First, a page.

Roughly 5 to 10 percent of breast cancers are linked to inherited gene mutations. The most well-known are breast cancer gene 1 and breast cancer gene 2 . If you have a family history of breast or ovarian cancer, your doctor may suggest testing your blood for these specific mutations.
Breast cancer in your 20s and 30s has been found to differ biologically in some cases from the cancers found in older women. For example, younger women are more likely to be diagnosed with triple negative and HER2-positive breast cancers than older women.
Here are some statistics about breast cancer in women under 40:
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Previous Breast Cancer Or Lump
If you have previously had breast cancer or early non-invasive cancer cell changes in breast ducts, you have a higher risk of developing it again, either in your other breast or in the same breast.
A benign breast lump does not mean you have breast cancer, but certain types of breast lumps may slightly increase your risk of developing cancer.
Some benign changes in your breast tissue, such as cells growing abnormally in ducts , or abnormal cells inside your breast lobes , can make getting breast cancer more likely.
Can I Lower My Risk Of Getting A Second Cancer
There’s no sure way to prevent all cancers, but there are steps you can take to lower your risk and stay as healthy as possible. Getting the recommended early detection tests, as mentioned above, is one way to do this.
Its also important to stay away from tobacco products. Smoking increases the risk of many cancers, including some of the second cancers seen after breast cancer.
To help maintain good health, breast cancer survivors should also:
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Risk Factors You Can Change
- Not being physically active. Women who are not physically active have a higher risk of getting breast cancer.
- Being overweight or obese after menopause. Older women who are overweight or obese have a higher risk of getting breast cancer than those at a normal weight.
- Taking hormones. Some forms of hormone replacement therapy taken during menopause can raise risk for breast cancer when taken for more than five years. Certain oral contraceptives also have been found to raise breast cancer risk.
- Reproductive history. Having the first pregnancy after age 30, not breastfeeding, and never having a full-term pregnancy can raise breast cancer risk.
- Drinking alcohol. Studies show that a womans risk for breast cancer increases with the more alcohol she drinks.
Research suggests that other factors such as smoking, being exposed to chemicals that can cause cancer, and changes in other hormones due to night shift working also may increase breast cancer risk.
What Happens If You Find Out Youre At Higher Risk
If you and your doctor determine that youre at a higher risk of breast cancer, you can decide together on next steps. Routine breast cancer screening is important for all women, but even more so for those at higher risk, so your doctor may suggest you get screened earlier and more often than other women.
You can also talk to your doctor about options for reducing your risk. Depending on your unique situation, your doctor may recommend either of the following:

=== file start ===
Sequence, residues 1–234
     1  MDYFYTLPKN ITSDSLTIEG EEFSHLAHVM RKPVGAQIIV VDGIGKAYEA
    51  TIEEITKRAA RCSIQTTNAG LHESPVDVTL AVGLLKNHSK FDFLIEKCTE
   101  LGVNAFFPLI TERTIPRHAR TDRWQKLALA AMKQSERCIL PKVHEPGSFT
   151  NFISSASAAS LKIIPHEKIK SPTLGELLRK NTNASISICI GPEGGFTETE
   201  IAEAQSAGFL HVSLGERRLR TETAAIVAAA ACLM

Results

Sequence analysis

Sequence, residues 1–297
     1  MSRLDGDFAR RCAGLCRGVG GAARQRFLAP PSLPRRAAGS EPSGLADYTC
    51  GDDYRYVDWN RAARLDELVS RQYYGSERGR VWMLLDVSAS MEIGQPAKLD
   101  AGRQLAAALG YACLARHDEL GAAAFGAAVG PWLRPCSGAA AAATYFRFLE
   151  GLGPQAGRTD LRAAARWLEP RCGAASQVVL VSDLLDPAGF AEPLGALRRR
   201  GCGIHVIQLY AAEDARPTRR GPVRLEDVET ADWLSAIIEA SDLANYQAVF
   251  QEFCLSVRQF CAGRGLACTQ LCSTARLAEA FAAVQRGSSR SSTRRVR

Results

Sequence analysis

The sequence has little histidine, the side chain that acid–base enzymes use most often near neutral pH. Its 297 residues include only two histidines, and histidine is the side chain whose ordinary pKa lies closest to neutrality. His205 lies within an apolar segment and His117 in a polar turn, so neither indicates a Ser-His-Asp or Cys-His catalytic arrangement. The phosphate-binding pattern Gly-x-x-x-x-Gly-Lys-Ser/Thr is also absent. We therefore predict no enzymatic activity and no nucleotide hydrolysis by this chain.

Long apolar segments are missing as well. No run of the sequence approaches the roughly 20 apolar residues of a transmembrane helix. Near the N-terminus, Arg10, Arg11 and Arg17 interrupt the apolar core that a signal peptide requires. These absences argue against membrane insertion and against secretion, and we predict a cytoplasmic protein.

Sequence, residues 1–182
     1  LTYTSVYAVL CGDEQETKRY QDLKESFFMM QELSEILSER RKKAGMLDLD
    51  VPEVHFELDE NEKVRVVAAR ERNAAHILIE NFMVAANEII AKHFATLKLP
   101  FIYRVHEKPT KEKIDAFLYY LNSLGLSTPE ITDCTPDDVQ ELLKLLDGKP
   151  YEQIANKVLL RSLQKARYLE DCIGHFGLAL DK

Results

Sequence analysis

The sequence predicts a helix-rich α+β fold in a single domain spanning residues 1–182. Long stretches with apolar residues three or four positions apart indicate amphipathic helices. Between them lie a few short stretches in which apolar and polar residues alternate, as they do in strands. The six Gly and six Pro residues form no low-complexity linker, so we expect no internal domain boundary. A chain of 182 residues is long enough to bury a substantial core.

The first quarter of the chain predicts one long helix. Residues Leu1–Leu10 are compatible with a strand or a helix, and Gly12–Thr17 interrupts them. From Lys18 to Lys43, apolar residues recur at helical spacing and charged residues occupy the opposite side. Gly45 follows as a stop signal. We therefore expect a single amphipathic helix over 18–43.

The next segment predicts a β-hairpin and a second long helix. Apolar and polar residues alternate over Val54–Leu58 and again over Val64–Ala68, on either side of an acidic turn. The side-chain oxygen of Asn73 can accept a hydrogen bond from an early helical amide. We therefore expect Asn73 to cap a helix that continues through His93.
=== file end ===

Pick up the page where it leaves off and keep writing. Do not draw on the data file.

- Risk-lowering drugs. Tamoxifen and raloxifene are the only drugs FDA-approved for breast cancer risk reduction in women at higher risk. Both are taken in pill form.
- Preventive surgery. For people with certain gene mutations, having surgery to remove their breasts may dramatically reduce their risk of breast cancer. Surgical removal of the ovaries can also reduce the risk of ovarian and possibly breast cancer for certain people.
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Radiation To Chest Or Face Before Age 30
If you had radiation to the chest to treat another cancer , such as Hodgkin’s disease or non-Hodgkin’s lymphoma, you may have an increased risk of breast cancer. If you had radiation to the face as an adolescent to treat acne, you may have an increased risk of developing breast cancer. A breast cancer risk expert can help you determine whether your risk is increased and what options you might have to reduce your risk.
Clinical Considerations And Recommendations
How should individual breast cancer risk be assessed?
Health care providers periodically should assess breast cancer risk by reviewing the patients history. Breast cancer risk assessment is based on a combination of the various factors that can affect risk Box 1610111213. Initial assessment should elicit information about reproductive risk factors, results of prior biopsies, ionizing radiation exposure, and family history of cancer. Health care providers should identify cases of breast, ovarian, colon, prostate, pancreatic, and other types of germline mutation-associated cancer in first-degree, second-degree, and possibly third-degree relatives as well as the age of diagnosis. Women with a potentially increased risk of breast cancer based on initial history should have further risk assessment. Assessments can be conducted with one of the validated assessment tools available online, such as the Gail, BRCAPRO, Breast and Ovarian Analysis of Disease Incidence and Carrier Estimation Algorithm, International Breast Cancer Intervention Studies , or the Claus model 34.
Is screening breast self-examination recommended in women at average risk of breast cancer, and what should women do if they notice a change in one of their breasts?